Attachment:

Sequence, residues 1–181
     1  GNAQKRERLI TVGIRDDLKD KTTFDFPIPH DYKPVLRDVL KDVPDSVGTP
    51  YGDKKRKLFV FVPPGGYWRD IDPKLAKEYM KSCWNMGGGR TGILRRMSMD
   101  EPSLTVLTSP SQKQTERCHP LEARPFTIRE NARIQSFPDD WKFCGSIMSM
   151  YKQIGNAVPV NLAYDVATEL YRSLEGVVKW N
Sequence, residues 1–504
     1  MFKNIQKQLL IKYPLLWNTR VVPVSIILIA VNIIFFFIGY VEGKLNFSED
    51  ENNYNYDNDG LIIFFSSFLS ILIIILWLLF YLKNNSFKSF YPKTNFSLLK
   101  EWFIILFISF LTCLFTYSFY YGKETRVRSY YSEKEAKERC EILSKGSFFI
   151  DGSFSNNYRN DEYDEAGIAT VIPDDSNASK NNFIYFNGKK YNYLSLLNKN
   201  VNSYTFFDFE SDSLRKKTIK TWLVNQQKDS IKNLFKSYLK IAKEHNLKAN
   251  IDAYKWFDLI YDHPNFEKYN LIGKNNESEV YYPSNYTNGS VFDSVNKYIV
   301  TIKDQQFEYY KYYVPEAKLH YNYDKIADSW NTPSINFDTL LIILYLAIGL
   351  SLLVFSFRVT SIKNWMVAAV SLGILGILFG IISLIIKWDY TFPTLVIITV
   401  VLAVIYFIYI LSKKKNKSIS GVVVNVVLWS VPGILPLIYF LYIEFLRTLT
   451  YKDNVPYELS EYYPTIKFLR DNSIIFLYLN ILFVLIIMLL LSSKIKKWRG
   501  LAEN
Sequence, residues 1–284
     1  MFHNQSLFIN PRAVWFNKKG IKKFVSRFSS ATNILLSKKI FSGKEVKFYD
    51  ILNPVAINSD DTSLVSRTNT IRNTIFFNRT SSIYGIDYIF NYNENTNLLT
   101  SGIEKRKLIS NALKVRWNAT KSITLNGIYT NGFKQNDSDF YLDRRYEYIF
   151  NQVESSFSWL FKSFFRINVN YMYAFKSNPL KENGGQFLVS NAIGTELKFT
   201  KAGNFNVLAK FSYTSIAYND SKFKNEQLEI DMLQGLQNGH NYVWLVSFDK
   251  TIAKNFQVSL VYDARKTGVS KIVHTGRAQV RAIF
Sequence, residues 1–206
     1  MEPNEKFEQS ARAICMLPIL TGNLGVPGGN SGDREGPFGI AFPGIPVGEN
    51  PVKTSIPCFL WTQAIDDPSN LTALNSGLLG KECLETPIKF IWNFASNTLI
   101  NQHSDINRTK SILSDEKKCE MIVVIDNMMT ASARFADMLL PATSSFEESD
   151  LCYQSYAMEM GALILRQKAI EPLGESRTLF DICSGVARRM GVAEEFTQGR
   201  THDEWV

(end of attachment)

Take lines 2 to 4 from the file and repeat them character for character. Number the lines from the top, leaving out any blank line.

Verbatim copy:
     1  GNAQKRERLI TVGIRDDLKD KTTFDFPIPH DYKPVLRDVL KDVPDSVGTP
    51  YGDKKRKLFV FVPPGGYWRD IDPKLAKEYM KSCWNMGGGR TGILRRMSMD
   101  EPSLTVLTSP SQKQTERCHP LEARPFTIRE NARIQSFPDD WKFCGSIMSM